Have you ever been on your stand and heard a vehicle go by on a faraway road and you felt it was really close to you? What if the car stopped and you never heard it start again? Do you think deer ignore this aspect?

We recommend you part your car at least one quarter-mile from your stand. Many experienced hunters park it a half-mile away from the stand. A stand 40-yards off a county road is a reasonable distance and you should still consider parking more than one half-mile away. It might feel funny driving past your stand and driving up a hill before parking and walking all the way back. However, it’s one of the best, most efficient ways to ensure that the deer in the area don’t know about your presence.

Check out the area and try to find a place to park where your vehicle easily blends into the scenery—someone’s home or parking are good choices. A spot close to an active farmyard is a perfect place. As for blending, you should do your best to conceal it from the deer’s eyes and ears.

How you walk to and from the stand

Choose a route and pick the stand you can hunt efficiently. This step can be challenging for entry-level hunters. As a matter of fact, you shouldn’t rush it and spend as much time as necessary when picking where and how to hunt.

Draws, ditches, creeks, brushy fence lines, and standing cornfields are excellent places to use when sneaking. Use them to your advantage and stay hidden from your deer. As a matter of fact, when selecting the place to hunt, the first thing to do is to discover the best way to sneak into and out of the hunting area. Continue finding a stand close to the route; you shouldn’t begin with finding the stand first and then look for the route.

Note of caution

Avoid the feeding areas in the morning and the afternoon.

The stand to get to

You don’t need to be an experienced hunter to go into the woods, pick a tree next to a heavy trail, and install your stand. If you’re new to deer hunting, the chances are you have already tried it. If you’re lucky, it might have worked once or twice. However, this approach will only educate deer nine times out of ten. If you ask experienced archery hunters, you will see that they recommend having stands you can get to without deer noticing. No matter how much sign is on the ground or below, the stand won’t work because the deer becomes educated.

Your route and stand have to work together to give results. You don’t become a successful hunter unless you wisely choose them both.

Add time

Hunting deer is a pursuit and when the deer don’t know you’re hunting them, you will be successful. Keep it simple and don’t lose confidence if you’re not successful from the first time. It might take time until you have the chance to shoot. It’s only a matter of time until you hit your first deer.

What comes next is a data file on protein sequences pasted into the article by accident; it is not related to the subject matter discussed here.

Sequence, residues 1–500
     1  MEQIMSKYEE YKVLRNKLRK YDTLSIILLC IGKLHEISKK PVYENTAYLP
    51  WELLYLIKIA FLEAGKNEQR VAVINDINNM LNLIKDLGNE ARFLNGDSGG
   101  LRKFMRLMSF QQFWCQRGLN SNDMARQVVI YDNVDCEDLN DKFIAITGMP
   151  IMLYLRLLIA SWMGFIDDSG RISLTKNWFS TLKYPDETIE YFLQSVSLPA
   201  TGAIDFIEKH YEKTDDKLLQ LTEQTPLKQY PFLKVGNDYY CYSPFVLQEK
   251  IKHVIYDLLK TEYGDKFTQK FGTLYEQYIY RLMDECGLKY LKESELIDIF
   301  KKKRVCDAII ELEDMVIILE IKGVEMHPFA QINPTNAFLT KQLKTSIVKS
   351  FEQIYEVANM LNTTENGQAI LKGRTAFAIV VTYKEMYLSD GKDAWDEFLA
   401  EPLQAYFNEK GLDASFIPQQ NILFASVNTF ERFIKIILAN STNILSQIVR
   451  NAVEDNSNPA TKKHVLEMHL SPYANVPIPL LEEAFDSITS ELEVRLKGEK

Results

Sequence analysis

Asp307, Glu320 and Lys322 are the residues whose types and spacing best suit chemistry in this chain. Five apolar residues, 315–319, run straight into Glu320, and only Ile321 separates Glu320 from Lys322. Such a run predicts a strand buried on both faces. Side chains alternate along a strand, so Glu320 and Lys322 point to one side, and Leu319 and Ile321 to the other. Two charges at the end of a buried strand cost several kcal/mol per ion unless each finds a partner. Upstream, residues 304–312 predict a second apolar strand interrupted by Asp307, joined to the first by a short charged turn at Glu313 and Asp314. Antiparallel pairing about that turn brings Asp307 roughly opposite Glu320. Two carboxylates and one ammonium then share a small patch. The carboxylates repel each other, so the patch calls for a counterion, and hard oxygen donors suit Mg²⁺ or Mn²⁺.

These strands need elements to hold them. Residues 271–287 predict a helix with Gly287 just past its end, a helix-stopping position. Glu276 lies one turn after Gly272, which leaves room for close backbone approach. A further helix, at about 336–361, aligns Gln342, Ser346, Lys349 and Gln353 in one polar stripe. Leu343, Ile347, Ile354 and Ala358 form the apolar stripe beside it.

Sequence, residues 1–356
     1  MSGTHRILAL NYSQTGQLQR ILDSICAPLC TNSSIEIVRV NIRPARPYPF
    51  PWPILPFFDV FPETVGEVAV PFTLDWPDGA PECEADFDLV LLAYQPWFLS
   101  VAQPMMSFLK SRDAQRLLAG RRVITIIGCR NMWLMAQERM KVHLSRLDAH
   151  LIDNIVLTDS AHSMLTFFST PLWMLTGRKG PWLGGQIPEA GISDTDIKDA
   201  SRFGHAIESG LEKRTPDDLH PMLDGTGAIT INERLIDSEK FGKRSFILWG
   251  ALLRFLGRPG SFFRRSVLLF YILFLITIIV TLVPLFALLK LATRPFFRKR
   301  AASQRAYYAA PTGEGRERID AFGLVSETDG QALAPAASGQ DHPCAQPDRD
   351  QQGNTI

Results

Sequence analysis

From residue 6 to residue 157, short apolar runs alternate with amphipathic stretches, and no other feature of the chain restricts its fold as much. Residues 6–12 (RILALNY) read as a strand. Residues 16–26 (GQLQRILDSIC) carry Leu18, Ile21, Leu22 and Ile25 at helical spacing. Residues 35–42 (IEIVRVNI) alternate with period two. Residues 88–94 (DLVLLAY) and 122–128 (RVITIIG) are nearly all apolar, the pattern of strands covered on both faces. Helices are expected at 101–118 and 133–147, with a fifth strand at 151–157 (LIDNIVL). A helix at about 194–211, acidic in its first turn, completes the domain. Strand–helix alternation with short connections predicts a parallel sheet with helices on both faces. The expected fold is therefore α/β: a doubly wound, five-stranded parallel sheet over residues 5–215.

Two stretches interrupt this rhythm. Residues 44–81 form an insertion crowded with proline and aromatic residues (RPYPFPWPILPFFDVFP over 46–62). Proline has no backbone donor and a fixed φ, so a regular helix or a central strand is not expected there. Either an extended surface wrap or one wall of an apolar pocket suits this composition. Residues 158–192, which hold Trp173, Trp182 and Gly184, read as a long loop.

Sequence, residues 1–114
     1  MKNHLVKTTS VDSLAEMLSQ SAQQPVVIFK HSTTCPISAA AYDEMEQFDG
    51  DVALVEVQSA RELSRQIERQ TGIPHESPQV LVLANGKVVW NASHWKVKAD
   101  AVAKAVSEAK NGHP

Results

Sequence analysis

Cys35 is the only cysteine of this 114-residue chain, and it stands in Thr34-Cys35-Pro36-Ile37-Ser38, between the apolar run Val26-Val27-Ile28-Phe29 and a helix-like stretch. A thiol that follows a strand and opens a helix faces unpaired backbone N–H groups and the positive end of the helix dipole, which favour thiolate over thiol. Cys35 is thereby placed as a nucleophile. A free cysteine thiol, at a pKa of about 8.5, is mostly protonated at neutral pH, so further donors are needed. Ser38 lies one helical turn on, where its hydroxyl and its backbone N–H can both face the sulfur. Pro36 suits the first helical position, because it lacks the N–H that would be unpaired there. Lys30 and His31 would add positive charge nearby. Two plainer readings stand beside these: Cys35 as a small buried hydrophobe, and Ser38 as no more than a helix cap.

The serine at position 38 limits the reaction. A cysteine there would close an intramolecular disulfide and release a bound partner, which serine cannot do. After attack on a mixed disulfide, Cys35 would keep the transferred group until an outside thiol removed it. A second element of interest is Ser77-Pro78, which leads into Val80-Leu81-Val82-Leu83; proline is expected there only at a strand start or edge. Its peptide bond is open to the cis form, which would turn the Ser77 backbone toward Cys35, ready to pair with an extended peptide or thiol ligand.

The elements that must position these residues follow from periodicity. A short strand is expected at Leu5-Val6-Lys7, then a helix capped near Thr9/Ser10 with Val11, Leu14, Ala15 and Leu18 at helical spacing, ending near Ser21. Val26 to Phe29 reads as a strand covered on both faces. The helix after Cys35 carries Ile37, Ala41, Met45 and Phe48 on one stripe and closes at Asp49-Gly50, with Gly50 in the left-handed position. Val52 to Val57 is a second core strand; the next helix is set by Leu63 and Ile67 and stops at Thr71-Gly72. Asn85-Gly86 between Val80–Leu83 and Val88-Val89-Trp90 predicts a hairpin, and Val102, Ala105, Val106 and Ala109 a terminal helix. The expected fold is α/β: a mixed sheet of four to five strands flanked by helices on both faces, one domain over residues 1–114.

Extra tips

When the doe approaches

Don’t worry when you begin breathing heavily and feel you cannot hold your knee still. It’s why hunters love bow hunting, to begin with. It’s not about getting rid of the excitement but finding a way to shoot despite it. You have to concentrate on each step leading to releasing the string and not focusing on deer.

Step 1- pick the spot

Decide where you will shoot. You want to have a shooting lane cut that allows tension-free shots.

Step 2 identify the range

Take a range reading to the spot where the deer will pass and measure the distance. Unless you sight-in from a tree, you always have to use the horizontal distance of the shot and not the line of sight distance. You have to know the distance to the shot location at even level with the stand.

Step 3 when do you draw the bow?

Make sure you draw when the deer looks away from you. If it moves steadily, you can draw early and wait; don’t assume you will have the chance to draw before the deer gets into your shooting lane.

Step 4 stop the deer

If the deer walks, you should whistle or make a grunting sound with your mouth. At the same time, be ready to shoot within seconds once the deer stops.

Step 5- pick a spot

Select an aiming point and remain locked on it until your arrow hits it.

Shoot the doe

Don’t wait for too long. Take advantage when the deer comes along. In many parts of the country, it’s not complicated to obtain a doe tag to fill. You can still keep the either-sex tag to shoot a buck later in the season. Stay confident and shoot the very first doe that comes along.

Robert Dwayne

Robert Dwayne

To say that I am an outdoors enthusiast is probably an understatement. I am hyper passionate about everything outdoors: hiking, survival, hunting. On this website I am sharing my stories and experiences, and I hope you'll find inspiration to take up your own adventures!